Monday, April 15, 2013

The Difference A Zero Makes

This is a typical "Day in the Life of a Truck Driver" story.  It'll show you how easy it is for a trucker to get screwed. 

A few weeks ago, we booked a load from Tennessee to New York.  We already had a piece on our truck, a coil that weighted 20,000 pounds and took up about five feet of our 48' trailer - this is called an LTL, or Less Than Truckload - and we booked something else to go with it. 

A lot of agents don't like to book loads when you have an LTL, but since our job is to fill our trailer to make as much money as we can, we try to find stuff that will fit together, and is generally going in the same direction.  This was one of those perfect loads.

Except it wasn't.

The second part of the load, according to the agent - and I confirmed this information at least five times - was supposed to take up 40-45 feet of the trailer and weigh 5,000 pounds.  Perfect.  We had plenty of room. 

It picked up on a Saturday, which was unusual, but we got there as the sun was rising, just before 7am, as requested.  It was a nursery and we were picking up a load of trees.  Something we've never hauled before.  The workers at the nursery started loading the trailer, working their way from the coil that was already on there, backward.  Then the nursery owner showed up.

That's when we found out that he was expecting to load fifty thousand pounds on the trailer, not five.  Well, not only was that impossible because we already had 20,000 pounds on the trailer, but even if we had been empty, we could only scale 45,000 pounds max. 

Someone seriously screwed up in the placement of their zeroes.

This little scenario started a shitstorm of phone calls between the customer, the agent and the horribly evil broker.  The agents are bad enough, but the brokers today are the equivalent of the horse traders of yesteryear. They are dishonest, they lie, they mispresent themselves or the freight, and they constantly bug the shit out of you if their stuff actually makes it on your trailer.  Which is why, if we have the choice, we don't work with or speak to brokers at all.  It's becoming harder and harder though, as more companies work with these thieving bastards.

After being mocked on the phone by the broker, who told me that he "didn't care what I had to say, we were going to haul this load", I told him that we didn't need his load, we weren't taking his load, and he needed to get those trees off our trailer as soon as possible. 

Because it was Saturday, and we weren't running up to New York with a partial on the trailer, we would have to wait until Monday to get another load to go with it.  I was pissed.  This happens more often than one would think and it's always the driver who gets screwed.  Whether it's time or money, we are the ones who suffer.  As was the case here.

They finally got the trees off the truck and I requested what's called a Truck Order Not Used (when they order a truck and wind up not using it for whatever reason) and detention for the five and a half hours we spent there.  Neither is guaranteed. 

There's nothing I hate more than having my time wasted.  It's just not something you can get back once it's gone.  Ed is used to it, after having seventeen years in the business, but it makes my blood boil.  I want to get paid for my time.  I deserve to get paid for my time.  And I deserve even more to get paid for showing up and sitting there waiting to get loaded and then unloaded because they screwed up.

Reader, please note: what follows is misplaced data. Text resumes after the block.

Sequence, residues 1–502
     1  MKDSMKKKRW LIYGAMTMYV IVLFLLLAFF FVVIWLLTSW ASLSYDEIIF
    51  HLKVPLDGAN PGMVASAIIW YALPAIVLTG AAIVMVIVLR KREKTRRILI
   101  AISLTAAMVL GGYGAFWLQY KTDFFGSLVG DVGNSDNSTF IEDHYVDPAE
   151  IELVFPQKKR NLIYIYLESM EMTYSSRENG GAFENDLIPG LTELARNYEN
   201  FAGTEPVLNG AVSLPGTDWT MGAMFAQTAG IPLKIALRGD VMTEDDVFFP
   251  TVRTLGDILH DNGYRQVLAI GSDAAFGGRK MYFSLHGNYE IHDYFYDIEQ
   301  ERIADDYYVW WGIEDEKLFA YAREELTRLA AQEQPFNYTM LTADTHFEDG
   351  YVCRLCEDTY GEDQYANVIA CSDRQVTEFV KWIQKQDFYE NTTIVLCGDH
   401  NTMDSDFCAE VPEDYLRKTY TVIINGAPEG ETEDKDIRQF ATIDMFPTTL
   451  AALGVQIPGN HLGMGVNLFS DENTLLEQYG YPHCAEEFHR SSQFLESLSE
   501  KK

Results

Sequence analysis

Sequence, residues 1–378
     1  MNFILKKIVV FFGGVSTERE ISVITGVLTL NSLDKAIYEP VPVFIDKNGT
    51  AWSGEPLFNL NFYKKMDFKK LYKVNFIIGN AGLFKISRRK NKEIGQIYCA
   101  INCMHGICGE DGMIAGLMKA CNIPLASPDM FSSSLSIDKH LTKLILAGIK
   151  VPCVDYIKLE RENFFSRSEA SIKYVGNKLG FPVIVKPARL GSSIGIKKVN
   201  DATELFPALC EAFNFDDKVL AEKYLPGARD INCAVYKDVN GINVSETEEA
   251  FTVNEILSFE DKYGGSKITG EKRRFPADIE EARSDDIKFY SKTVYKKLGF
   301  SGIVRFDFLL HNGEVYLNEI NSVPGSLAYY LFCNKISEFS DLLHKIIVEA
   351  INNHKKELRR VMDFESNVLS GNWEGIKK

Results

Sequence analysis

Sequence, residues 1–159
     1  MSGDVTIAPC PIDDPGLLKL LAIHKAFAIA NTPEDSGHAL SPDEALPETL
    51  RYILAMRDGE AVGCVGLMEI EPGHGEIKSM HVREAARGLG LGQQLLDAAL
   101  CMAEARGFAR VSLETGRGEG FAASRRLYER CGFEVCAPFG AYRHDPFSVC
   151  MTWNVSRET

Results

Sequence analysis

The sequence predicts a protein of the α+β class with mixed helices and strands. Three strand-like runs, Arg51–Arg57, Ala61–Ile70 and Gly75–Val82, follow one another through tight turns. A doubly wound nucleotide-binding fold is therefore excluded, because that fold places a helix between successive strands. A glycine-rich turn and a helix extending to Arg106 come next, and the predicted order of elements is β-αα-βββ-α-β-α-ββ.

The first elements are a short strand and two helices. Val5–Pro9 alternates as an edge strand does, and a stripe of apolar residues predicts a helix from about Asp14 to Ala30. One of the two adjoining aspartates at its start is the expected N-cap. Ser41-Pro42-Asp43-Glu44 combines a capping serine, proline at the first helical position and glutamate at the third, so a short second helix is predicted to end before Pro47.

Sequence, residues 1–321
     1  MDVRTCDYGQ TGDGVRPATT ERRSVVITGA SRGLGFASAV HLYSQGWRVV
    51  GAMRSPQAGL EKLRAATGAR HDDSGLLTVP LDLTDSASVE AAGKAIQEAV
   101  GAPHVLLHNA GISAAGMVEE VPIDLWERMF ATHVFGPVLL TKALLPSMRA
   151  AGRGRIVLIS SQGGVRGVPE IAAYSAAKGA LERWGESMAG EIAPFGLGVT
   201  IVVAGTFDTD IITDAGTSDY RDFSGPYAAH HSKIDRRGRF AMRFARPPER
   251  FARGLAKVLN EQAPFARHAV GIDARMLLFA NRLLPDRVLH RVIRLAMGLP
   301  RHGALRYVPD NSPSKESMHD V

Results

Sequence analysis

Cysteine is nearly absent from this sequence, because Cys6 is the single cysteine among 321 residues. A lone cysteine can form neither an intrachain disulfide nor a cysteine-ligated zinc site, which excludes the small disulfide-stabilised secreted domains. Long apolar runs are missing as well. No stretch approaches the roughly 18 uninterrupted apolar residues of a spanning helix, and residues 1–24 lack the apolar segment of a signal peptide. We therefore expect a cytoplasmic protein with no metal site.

We made every effort to inform these people what our situation was coming in.  Which, if their load actually weighed 5,000 pounds as the bill of lading we signed off on indicated, we could have just gone on our merry way.  But I'm not happy and I'm not going to back down when I have to lose time and money because someone else wasn't competent enough to handle their end of the shipment correctly.   

We wound up sitting for the weekend and booking another load that Monday.  It took at least two weeks to get any money, and it wound up being several hundred dollars less than I requested.  Needless to say, the entire experience was less than pleasant.

I had a boss who used to say, "If you don't ask, you don't get."  So whenever I find myself in a situation like this, I always ask.  For compensation for my time, to be paid extra money for extra work - additional stops, tarping, changes in route, etc. - for layover and detention pay.  Anything I do that's not in the original agreement, I expect to be paid for.

Whether it's 5,000 or 50,000 pounds, or how much money I get in my pocket, one little zero can make all the diference.

~ ~ ~ ~ ~ ~ ~ ~ ~ ~
2012: Pre-Digital
2011: The Sun Sets On The Roughrider State
2010: Diamond Studded Proof
2009: How A Book Defies Its Cover
2008: How To Up Your Chances For A Sweet Monkey Lovin’ Romp
2007: Activities Director
2006: Ah, But It Is SO Worth It
2005: Sorry, no post on this day. The blog didn’t start until May 2005!


Scott said...

I like the 1st sentence.... This is a typical "Day in the Life of a Truck Driver" story.

Marlaina said...

This is going to become a very, very important issue after July 1 when the Hours of Service rules change. We will no longer be able to afford to absorb situations like this.

All of us owner/operators are going to have to learn really quickly the value of our time. We will no longer be able to give away a few hours without adequate compensation.

Belledog said...

Any upside in identifying the innumerate broker?

Warning to others; actions have consequences.

(Unless you're planning to work with the critter again.)